As soon as the deed had been committed the Indians collected around Wood’s place to butcher him in their own way.  De La Ronde made a road through them to Wood’s habitation for his protection.  The next day De La Roade advised Wood to go to Henry Merrill, a justice of the peace in Portage, and give himself up.  Wood replied that Merrill had advised him to run off.  Merrill, however, did issue a warrant at the request of the subagent, Thomas Buoy, which was served by Satterlee Clark, who overtook Wood at Springer’s and brought him back to the portage.  Wood was sent to Green Bay for trial, but the grand jury did not find a bill against him. 

White Pawnee was buried in a large conical mound five or six feet high at the city end of the Wisconsin River Bridge.  Afterwards the mound was graded down for street improvement but whether or not the bones of White Pawnee came to the surface is not known.

Marries a Squaw

The killing of the Indian probably resulted in Abe Wood taking the daughter of Chief DeKaury for his wife.  John L. Rowin, who now resides in Wonewoc, says that on account of Wood killing an Indian at Portage that he had to marry the squaw to save his life.  It may have been a romance as it was with John Smith down in Virginia.

Mrs. Wood was partly white.  In that early day the races were much mixed, French and Winnebago especially, and in some degree, American and Winnebago also. All the DeKaury’s were descended from a half breed.  The original DeKaury was a fur trader on Doty’s Island, located at Neenah, and married the daughter of the Winnebago village chief at that place.  He left a large progeny, when, summoned to defend New France he went to the lower colonies and was mortally wounded at Quebec, April 28, 1760.  He died of his wounds at Montreal soon after.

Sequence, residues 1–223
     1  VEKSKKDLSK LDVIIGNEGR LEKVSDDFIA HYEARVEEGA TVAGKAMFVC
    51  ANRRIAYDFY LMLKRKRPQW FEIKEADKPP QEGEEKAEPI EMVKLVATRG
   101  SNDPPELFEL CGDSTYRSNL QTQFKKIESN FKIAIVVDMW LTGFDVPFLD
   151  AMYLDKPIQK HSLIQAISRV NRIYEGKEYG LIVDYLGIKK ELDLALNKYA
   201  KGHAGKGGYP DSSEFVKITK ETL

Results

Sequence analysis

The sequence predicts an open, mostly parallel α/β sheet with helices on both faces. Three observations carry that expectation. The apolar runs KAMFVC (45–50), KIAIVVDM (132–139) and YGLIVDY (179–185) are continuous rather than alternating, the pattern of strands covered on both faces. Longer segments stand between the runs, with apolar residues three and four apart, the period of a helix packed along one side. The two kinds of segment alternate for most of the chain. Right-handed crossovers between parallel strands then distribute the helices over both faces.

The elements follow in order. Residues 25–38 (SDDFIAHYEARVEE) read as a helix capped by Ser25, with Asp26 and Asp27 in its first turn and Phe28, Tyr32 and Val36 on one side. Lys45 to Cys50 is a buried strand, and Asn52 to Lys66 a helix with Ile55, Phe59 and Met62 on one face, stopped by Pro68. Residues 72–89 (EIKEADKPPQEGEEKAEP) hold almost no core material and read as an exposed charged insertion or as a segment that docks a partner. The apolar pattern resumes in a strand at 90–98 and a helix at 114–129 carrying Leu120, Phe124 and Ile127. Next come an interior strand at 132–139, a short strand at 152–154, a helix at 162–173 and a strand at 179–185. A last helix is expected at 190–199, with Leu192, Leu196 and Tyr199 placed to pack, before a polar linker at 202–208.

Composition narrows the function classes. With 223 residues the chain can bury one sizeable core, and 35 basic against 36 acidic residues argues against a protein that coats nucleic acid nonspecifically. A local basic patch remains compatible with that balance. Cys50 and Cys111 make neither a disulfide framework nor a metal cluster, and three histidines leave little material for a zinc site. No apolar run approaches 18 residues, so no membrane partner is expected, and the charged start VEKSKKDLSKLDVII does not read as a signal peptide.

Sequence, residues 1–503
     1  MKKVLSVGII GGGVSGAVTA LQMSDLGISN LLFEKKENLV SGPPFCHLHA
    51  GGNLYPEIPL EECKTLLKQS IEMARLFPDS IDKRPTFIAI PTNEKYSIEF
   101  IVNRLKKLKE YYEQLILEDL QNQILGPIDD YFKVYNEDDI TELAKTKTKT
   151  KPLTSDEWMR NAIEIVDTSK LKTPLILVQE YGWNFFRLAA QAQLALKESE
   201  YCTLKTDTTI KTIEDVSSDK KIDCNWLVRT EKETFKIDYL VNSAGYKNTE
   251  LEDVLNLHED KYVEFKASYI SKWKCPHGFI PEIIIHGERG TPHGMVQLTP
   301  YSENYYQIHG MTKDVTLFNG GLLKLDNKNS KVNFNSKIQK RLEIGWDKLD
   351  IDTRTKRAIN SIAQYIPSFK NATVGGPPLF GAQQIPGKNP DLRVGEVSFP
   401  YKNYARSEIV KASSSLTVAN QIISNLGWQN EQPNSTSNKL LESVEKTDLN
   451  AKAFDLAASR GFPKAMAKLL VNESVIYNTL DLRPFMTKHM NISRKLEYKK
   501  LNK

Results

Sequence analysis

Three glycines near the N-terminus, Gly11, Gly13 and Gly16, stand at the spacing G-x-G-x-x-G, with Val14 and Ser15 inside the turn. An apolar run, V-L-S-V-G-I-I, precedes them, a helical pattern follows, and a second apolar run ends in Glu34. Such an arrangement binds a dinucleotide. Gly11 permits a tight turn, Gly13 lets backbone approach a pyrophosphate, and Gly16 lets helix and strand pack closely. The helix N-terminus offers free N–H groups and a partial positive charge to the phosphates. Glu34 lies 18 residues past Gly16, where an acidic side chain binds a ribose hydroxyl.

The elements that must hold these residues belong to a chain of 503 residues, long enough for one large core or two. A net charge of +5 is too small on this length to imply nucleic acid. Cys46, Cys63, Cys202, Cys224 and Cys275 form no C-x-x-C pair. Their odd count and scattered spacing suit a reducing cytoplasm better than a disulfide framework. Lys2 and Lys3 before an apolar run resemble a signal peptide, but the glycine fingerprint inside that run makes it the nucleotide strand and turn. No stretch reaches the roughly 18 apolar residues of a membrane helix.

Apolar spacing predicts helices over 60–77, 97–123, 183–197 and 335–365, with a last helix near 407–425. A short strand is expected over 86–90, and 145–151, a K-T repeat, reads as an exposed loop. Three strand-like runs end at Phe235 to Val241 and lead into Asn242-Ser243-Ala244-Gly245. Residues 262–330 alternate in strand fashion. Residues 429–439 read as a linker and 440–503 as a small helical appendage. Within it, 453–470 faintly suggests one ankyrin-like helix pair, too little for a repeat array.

Now Mrs.Wood was the daughter of one of the numerous DeKaurys, partly white, and quite likely her mother was a half breed.  The degree of relationship cannot definitely be determined.

In this case there was probably no ceremony.  That was the custom then.  It is recorded that after Wood and his wife came to Baraboo that they were legally married by Eben Peck, a justice of the peace.

Abe Wood’s wife was called Sarah.  Previous to her marriage to Wood she had a Frenchman for a husband and there was a daughter named Hannah, aged 10 years, born on the Rock River.  This daughter became one of the family and was known as Hannah Wood.  Unions between whites and Indians by mutual consent was a common occurrence in those days.  Philip Covalle, Joseph Pelkie, Michael St. Cyr, Oliver Ermell and Lavec all resided on the Madison lakes, and all had Indian women for wives.  Like Wood three of them were married in the presence of their children after the advent of a justice of the peace. 

Resides Near Madison